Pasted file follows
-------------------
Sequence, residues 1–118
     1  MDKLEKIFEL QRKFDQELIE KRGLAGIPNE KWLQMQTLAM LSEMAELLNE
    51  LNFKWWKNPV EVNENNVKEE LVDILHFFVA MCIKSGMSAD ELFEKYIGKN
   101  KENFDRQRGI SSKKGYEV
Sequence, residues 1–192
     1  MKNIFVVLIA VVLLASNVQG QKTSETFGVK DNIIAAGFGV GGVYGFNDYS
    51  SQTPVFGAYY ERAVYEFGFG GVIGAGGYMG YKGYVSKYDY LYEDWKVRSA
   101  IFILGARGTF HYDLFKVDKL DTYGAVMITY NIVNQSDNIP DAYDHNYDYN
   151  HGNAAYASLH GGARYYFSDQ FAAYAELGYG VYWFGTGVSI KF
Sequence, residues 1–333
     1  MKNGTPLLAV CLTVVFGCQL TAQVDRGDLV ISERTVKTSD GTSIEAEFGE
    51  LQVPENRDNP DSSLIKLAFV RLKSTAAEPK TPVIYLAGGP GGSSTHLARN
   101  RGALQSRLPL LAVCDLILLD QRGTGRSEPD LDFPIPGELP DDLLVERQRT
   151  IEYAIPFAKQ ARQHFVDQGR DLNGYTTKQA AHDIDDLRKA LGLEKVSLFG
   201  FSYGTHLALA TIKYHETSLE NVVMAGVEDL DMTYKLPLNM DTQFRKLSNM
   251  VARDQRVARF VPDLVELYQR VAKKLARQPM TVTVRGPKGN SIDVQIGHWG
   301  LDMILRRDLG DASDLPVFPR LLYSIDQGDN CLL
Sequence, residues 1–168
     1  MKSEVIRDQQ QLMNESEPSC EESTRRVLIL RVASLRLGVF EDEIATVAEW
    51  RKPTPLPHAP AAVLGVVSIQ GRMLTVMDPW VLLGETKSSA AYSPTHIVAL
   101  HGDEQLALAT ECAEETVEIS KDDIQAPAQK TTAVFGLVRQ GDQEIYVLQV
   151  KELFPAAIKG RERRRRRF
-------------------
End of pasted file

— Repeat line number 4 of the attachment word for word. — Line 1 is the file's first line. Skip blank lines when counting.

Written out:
   101  KENFDRQRGI SSKKGYEV